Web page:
Abbott defends latest criticism on pre-K policy tour

AUSTIN -- Texas Attorney General Greg Abbott stopped at IDEA Carver Academy in San Antonio to continue talk over his campaign proposals for pre-Kindergarten programs.

Yet two days after the Republican gubernatorial hopeful's campaign released a 26-page policy paper on early education, opponents Wednesday seized on a single sentence.

Family background has the most decisive effect on student achievement, contributing to a large performance gap between children from economically disadvantaged families and those from middle class homes, began the second paragraph on page two of Greg Abbott's Educating Texans Plan: Pre-K -- Third Grade.

The controversy stems not from the substance of the sentence, but from the name cited in the page's footnote drawing questions: Murray, Charles. Read [sic] Education. New York: Crown Forum, 2008. In addition to writing Real Education, Charles Murray co-authored the 1994 book The Bell Curve, which sparked academic uproar by suggesting IQ is tied to race. Explaining his research in a December 1994 interview with C-SPAN, Murray stated the mean IQ for African-Americans by most tests, it's about 15 points below the white mean, and that has created the huge controversy.

An e-mail from Davis' campaign also pointed out Murray had been listed by the Southern Poverty Law Center as a White Nationalist, and included a link to a 2005 opinion column in which Murray suggested women have smaller brains than men and played a proportionally tiny part in the history of the arts and sciences. Texas Democratic Party communications director Emmanuel Garcia issued a statement Wednesday afternoon chastising Abbott's inclusion of Murray's name in the policy paper.

It s no surprise that a major piece of Greg Abbott s education plan cites Charles Murray, because Murray s beliefs align perfectly with Abbott s. Murray believes that women and minorities have inferior intellect -- that explains why Abbott thinks it is ok to pay women less than men, and minorities less than Anglos, wrote Garcia. It also explains why Abbott defends gerrymandered voting districts and harsh voter ID laws that directly impact a woman's ability to vote and the voting strength of Texas minority communities. With a history of aligning his campaign with questionable figures like Ted Nugent and Charles Murray, it is clear that Abbott is working hard to define his positions against the interests of most Texans.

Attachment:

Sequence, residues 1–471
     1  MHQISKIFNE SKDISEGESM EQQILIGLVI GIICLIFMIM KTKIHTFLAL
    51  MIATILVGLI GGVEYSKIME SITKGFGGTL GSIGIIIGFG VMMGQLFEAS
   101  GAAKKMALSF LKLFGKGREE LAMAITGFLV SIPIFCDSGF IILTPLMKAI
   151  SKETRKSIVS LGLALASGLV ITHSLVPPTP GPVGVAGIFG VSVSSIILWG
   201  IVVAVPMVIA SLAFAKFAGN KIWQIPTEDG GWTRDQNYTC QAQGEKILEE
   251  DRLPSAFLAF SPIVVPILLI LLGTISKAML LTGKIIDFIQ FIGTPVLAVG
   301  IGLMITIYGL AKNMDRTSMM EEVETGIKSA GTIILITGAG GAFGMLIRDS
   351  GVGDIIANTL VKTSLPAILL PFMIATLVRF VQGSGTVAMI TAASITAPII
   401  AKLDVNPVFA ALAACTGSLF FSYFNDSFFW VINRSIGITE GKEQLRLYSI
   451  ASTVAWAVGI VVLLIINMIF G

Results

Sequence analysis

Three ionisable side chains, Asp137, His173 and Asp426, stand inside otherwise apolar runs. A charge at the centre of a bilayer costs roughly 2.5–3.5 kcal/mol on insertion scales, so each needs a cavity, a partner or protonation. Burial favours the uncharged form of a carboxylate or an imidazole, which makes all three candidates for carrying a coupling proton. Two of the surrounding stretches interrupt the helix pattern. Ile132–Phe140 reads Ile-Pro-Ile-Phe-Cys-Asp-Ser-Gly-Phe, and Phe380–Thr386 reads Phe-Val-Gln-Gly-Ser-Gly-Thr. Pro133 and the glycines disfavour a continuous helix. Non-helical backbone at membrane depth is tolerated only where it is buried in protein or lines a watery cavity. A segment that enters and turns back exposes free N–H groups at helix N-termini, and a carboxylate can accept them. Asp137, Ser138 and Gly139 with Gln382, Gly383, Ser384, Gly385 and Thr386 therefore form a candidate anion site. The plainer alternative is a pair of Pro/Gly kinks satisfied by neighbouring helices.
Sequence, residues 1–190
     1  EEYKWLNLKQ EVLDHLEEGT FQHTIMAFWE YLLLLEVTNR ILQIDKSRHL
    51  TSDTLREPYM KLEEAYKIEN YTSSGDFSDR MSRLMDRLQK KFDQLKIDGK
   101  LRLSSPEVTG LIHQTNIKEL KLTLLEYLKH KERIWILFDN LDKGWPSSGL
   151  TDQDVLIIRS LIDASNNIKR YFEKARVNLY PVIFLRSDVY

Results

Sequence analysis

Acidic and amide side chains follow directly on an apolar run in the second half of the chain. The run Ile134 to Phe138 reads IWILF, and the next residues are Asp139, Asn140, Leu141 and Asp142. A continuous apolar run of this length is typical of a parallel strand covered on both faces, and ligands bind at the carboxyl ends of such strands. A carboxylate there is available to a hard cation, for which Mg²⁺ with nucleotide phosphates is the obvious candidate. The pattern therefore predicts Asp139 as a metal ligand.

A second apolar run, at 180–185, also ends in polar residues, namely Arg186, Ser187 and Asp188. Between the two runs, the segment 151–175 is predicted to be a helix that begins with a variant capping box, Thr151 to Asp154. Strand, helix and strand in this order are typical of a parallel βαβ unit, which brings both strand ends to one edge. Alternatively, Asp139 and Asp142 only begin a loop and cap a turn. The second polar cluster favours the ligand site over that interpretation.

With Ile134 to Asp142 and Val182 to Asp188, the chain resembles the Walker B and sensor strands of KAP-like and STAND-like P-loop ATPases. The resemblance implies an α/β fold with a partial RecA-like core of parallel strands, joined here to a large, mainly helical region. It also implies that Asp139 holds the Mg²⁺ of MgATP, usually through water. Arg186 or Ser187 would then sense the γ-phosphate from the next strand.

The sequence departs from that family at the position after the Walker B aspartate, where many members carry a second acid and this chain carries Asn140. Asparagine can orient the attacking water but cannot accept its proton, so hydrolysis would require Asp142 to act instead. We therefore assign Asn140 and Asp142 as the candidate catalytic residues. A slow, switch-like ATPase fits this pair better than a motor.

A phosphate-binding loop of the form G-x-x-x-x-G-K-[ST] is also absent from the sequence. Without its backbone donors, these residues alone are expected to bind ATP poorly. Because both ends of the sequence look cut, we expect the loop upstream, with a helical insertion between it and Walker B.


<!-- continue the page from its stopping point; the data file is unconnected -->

Abbott's campaign noted Wednesday that no objections were raised over the substance of sentence, which was paraphrased from Murray's work. Abbott himself responded to questions concerning Murray that Democrats had chosen to focus on petty politics rather than the issues addressed in the paper.

It doesn't take long to do any kind of research to realize that Murray is someone who's been widely cited by President Bill Clinton; who was named by the National Journal as one of the fifty people who made a difference in national policy, said Abbott. The Republican candidate pointed to Murray's work being cited in U.S. News and World Report, Newsweek, the New York Times, the Washington Post, the San Antonio Express-News as well the Dallas Morning News. Compared to a single Murray citation, Abbott countered his paper cited President Barack Obama several times.

I have great differences with Barack Obama and his administration, but it shows what I'm willing to do to step up to engage in the fight that must be waged for the future of our state. We need to put the ideas of everybody on the table, discuss those ideas, and figure out the best pathway forward, Abbott continued. What I will do as governor of this state is I will chart the course to elevate Texas to number one, while others worry about pebbles on the pathway to achieving greatness.

Abbott's proposal suggests expanding pre-K without raising standards would be a waste of money. It would give an extra $1,500 per student to programs which meet specific standards including rigorous curriculum and parental involvement. Participating programs would also be required to track student progress and submit to evaluation. Chuck DeVore, vice president of policy with the conservative Texas Public Policy Foundation, believes the plan would help ensure state funded pre-K programs aren't used as free day care.

It's cautious and measured in that let's look before you leap and spend hundreds of millions of dollars of additional taxpayer money, said DeVore. Does the program really work? Does it accomplish the educational objectives that the proponents say it'll accomplish?

Public education advocates say the benefits for poor and English-learning children have been already proven. Gathered Tuesday in front of an Austin pre-K campus, they argued for Democratic state Sen. Wendy Davis' proposal to offer full-day pre-K statewide.

We need some new leadership in this state that isn't going to twiddle its thumbs and say 'we've got to study the problem some more.' We know what the problem is. We know what the solutions are, and they're investing in those people right there, Texas American Federation of Teachers secretary-treasurer Louis Malfaro said Tuesday while gesturing to a playground full of pre-K students.

Abbott will continue to promote his early education proposals in campaign stops this week. A second plank in his overall education policy plan is expected later this month. The two distinct visions for the future of education in Texas will no doubt continue to provide material for debate.


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